By Dan Eggen
Washington Post Staff Writer
Sunday, March 11, 2007
Attorney General Alberto R. Gonzales met privately with top members of the Senate Judiciary Committee on Thursday to offer an olive branch, but he did not seem too happy about it.
Gonzales had agreed to let Congress limit his powers and interview Justice Department officials as part of an escalating battle over the firings of eight U.S. attorneys. He knew that another scandal on FBI abuses was about to break and that some GOP lawmakers were hinting that he was in over his head.
"What else do you want us to do?" the normally taciturn Gonzales asked in exasperation, according to several officials with knowledge of the meeting.
For two years, Gonzales, 51, has led the Justice Department through a series of prominent controversies, including complaints of political meddling in civil rights cases and clashes over the powers of the federal government to detain terrorism suspects and spy on Americans. But under the protection of a Republican Congress, and insulated by his status as one of President Bush's closest confidants, Gonzales emerged largely unscathed.
Now, the former White House counsel finds himself at the center of two of the fiercest political disputes to recently engulf the Bush administration, which is already coping with a deteriorating Iraq war and a newly Democratic Congress. Some of the sharpest criticism has come from fellow Republicans, including a suggestion by Sen. Arlen Specter (Pa.) that Gonzales may leave office soon.
Bush said yesterday that his administration is working to halt law enforcement abuses of new anti-terrorism intelligence-gathering powers, and he expressed continued confidence in Gonzales and in FBI Director Robert S. Mueller III.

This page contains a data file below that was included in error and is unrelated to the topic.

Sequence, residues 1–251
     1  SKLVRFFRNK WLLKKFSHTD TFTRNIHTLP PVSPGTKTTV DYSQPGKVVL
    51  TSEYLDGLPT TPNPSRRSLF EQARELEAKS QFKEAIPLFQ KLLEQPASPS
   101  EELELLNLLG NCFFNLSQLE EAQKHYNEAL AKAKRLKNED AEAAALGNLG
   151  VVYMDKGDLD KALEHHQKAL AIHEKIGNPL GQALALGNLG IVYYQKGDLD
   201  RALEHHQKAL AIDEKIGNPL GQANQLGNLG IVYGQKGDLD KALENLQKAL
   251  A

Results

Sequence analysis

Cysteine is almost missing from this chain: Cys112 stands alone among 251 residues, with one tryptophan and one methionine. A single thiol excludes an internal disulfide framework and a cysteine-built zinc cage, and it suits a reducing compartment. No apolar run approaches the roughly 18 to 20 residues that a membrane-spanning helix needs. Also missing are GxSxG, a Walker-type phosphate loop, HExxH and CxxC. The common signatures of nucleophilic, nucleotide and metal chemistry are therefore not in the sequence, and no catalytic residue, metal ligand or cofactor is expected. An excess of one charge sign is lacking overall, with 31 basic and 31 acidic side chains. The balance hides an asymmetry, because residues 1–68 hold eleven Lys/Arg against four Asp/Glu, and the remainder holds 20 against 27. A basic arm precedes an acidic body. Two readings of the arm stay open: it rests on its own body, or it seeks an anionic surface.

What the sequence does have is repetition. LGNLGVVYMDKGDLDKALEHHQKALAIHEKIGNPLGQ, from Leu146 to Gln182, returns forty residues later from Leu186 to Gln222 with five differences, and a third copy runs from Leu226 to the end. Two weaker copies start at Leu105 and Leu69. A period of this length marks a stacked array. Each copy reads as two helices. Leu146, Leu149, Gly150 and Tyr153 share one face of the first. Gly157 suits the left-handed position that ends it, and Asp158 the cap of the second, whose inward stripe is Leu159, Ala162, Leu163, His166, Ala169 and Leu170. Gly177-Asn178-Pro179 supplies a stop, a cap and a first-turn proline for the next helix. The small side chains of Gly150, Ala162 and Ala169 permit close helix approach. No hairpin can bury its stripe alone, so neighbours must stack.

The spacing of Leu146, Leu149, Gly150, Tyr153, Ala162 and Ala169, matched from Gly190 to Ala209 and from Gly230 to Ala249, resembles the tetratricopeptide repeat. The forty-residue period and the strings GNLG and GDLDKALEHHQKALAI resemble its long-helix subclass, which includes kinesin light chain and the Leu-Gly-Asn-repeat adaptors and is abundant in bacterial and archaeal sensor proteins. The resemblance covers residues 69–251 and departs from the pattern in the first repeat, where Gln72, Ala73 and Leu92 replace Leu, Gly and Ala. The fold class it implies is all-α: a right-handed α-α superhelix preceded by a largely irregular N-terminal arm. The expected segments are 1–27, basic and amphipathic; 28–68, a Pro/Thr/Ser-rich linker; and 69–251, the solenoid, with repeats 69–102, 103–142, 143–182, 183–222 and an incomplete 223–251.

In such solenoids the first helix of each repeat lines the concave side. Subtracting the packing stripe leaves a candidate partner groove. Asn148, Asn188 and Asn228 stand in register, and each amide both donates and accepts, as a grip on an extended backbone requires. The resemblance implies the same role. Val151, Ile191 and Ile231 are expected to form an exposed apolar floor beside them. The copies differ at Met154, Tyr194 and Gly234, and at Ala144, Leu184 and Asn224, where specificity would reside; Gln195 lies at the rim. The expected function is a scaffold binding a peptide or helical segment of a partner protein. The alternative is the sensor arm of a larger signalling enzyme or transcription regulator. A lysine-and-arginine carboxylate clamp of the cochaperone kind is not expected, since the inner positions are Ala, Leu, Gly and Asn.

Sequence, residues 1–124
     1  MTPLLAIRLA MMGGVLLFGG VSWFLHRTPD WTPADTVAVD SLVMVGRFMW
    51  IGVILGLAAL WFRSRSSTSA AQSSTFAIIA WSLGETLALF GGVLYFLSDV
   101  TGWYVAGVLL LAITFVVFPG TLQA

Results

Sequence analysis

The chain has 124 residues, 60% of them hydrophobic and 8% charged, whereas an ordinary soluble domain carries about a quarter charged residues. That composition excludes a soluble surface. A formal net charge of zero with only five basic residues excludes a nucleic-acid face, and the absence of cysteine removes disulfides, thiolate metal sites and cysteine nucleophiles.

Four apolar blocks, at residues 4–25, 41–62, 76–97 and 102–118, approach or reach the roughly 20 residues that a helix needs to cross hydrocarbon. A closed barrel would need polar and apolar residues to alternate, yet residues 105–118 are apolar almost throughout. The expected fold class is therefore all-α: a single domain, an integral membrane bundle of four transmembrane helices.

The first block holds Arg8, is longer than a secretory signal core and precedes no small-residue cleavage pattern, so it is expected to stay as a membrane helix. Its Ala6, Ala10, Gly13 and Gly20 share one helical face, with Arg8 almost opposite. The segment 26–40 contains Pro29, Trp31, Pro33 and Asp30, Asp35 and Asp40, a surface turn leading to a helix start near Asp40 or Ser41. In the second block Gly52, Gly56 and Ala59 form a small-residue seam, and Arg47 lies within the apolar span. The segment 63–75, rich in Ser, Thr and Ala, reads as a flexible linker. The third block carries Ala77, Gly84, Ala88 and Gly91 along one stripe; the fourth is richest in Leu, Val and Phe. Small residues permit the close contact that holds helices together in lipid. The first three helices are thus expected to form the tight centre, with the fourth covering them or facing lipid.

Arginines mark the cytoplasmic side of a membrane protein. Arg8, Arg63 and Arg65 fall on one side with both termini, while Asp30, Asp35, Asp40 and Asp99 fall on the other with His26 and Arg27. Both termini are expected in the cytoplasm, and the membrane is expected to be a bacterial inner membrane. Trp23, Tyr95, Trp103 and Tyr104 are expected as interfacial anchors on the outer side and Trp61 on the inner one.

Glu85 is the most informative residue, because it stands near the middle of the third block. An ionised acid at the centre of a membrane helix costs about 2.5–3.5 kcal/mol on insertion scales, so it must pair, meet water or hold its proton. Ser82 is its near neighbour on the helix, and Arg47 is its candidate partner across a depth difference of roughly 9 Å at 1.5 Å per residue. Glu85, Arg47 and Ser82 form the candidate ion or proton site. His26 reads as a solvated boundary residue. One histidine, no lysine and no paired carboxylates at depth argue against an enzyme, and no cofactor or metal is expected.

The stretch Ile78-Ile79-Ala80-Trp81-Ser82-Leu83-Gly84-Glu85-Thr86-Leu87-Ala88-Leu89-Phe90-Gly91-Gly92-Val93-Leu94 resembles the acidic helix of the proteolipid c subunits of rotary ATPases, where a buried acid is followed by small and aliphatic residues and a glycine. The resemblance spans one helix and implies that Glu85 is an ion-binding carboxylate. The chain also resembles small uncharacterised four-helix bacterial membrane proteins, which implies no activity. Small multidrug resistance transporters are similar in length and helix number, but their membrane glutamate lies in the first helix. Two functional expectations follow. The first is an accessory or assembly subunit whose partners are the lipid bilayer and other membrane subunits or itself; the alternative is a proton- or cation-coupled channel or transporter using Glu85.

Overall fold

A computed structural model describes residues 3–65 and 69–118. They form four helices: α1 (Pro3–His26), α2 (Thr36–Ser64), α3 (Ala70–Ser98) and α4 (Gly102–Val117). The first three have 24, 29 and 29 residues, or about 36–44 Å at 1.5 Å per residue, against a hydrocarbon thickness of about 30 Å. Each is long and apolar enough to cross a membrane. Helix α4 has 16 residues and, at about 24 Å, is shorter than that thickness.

Gonzales, who has served Bush for 12 years in Texas and Washington, said in an interview that he remains "focused on my job."
"I don't have the luxury of being discouraged," Gonzales said. "I've got the kind of job where you can't do that."
He added later, referring to the FBI scandal: "If there are questions raised, I have an obligation to make sure that we're doing things in the right way. I expect people to do their jobs. And if they don't, there's going to be accountability."
His comments came at the end of an unquestionably difficult week for Gonzales, who managed to anger lawmakers in both parties by dismissing the U.S. attorney firings in a newspaper column as an "overblown personnel matter." The description did not play well in the wake of public hearings in which several fired prosecutors alleged that they had been the targets of possible intimidation by GOP lawmakers and the Justice Department.
Then came news Friday that the FBI had abused its expanded authority under the USA Patriot Act antiterrorism law to seize the personal records of thousands of Americans and legal residents, a revelation that angered libertarian Republicans as much as liberal Democrats.
The kicker came out of a courtroom in Miami, where federal prosecutors had to admit that the government had lost the videotape of the final interrogation of terrorism suspect Jose Padilla, posing a serious risk to the case.
"It almost seems like no one's in charge at the Justice Department," Sen. Charles E. Schumer (D-N.Y.) said yesterday. "There's just problem after problem after problem, and he doesn't seem to understand the seriousness of what's happened. . . . He doesn't quite understand that it's a new ballgame."